My favorite panuchos (perhaps because they are the unhealthiest) are topped with lechon (slow-roasted pig) and crispy pork skin.
Panuchos may be found in every market in Yucatan, but my absolute best were at La Lupitas in Merida’s Park Santiago.
Soup of Lima
Lime Soup, or Sopa de Lima, is a broth-based soup created from a local lime. Don’t worry, it’ll be considerably less sour and acidic than you’re accustomed to.
The soup comprises morsels of roasted chicken and is topped with pieces of crispy fried tortillas. It is often offered as a side dish to your main course at breakfast.
Ceviche de Frito Pulpo (fried octopus ceviche)
If I had to select one Yucatan dish, it would most likely be the fried octopus ceviche. I can’t count how many times I’ve eaten this dish. I haven’t gotten bored of it yet.
Instead of raw fish, as you’re probably accustomed to, the Yucatecan version includes crispy pan-fried octopus in addition to the usual ceviche combination of onion, loads of lime juice, tomato, and cilantro.
Make sure you have a basket of fresh chips on available to scoop it up with, then wash it down with an ice-cold lager (try Bohemia Clara).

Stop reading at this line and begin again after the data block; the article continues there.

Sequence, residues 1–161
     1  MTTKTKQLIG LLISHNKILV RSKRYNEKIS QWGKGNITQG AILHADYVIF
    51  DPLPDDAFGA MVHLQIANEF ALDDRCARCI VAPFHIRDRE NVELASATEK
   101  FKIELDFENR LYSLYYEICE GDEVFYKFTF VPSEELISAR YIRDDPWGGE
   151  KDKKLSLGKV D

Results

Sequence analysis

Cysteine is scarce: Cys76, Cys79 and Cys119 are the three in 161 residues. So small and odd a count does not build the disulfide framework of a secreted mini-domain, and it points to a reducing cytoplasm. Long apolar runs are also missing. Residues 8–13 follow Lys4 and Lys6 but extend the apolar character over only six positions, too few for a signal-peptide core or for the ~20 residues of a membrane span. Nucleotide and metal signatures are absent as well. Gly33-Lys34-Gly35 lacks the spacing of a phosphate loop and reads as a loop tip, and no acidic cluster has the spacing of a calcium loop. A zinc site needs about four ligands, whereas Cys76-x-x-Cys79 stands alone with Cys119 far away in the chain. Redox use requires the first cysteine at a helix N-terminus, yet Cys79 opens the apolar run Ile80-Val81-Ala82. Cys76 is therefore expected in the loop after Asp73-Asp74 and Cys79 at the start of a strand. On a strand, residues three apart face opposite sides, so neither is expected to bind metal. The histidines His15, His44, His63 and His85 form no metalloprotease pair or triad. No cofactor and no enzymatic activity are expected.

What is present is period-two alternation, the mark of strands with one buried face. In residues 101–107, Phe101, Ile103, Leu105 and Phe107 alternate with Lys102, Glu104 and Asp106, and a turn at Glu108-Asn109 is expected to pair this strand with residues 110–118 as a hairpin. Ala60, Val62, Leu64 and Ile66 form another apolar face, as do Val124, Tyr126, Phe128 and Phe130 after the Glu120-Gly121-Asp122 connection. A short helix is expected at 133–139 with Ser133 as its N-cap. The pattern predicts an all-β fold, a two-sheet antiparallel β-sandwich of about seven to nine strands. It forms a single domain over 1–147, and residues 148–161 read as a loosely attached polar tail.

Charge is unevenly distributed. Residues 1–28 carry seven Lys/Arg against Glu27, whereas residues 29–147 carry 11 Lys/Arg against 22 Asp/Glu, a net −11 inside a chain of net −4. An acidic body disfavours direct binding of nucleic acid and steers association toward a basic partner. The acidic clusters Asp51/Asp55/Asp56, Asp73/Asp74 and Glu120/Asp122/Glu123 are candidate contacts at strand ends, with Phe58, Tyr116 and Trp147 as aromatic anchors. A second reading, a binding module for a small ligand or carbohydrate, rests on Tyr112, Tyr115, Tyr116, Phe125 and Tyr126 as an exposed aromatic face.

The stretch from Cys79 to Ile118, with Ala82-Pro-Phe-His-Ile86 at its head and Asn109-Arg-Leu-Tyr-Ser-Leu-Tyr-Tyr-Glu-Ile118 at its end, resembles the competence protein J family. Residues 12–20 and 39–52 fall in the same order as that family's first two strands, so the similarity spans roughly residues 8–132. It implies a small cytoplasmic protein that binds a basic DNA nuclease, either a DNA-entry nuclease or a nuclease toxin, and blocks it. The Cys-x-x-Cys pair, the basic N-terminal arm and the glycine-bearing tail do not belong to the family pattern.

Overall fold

Where to find it: Catrin in Merida offers an excellent rendition.
Pork flesh is marinated in lemon juice, achiote, and other spices for this meal. It is then wrapped in banana leaves and buried underground.
As it emerges, the achiote has given an orangish hue, and the flesh is so soft its falling apart. The meat is then utilized in a variety of ways, including taco toppings and sandwich stuffing. This is a must-try since it is a traditional Mayan cuisine.
Where to get it:This is another dish that can be found almost everywhere, from street sellers to high-end restaurants. My favorite rendition was in the Park Santa Ana market.
Pavo (Turkey) (Turkey)
Surprisingly, turkey is one of the most popular meats in Yucatan cuisine. Although I’ve become used to eating turkey twice a year on holidays, in the Yucatan, entire roasted birds line market display cases and are cut up for recipes ranging from sandwiches to tacos!
As they placed this meal in front of me, I must confess that I was skeptical. Tortillas with eggs, black beans, cheese, chopped ham, peas, and fried plantains as toppings. What?
Yet it works in certain ways. Even if it isn’t your new favorite meal, it’s fun to claim you tried it!
If you can make it to the Yucatecan village of Motul, the meal is supposed to have been originated at the restaurant Doa Evelia. If you can’t make it there, any market in the area will almost certainly provide the meal.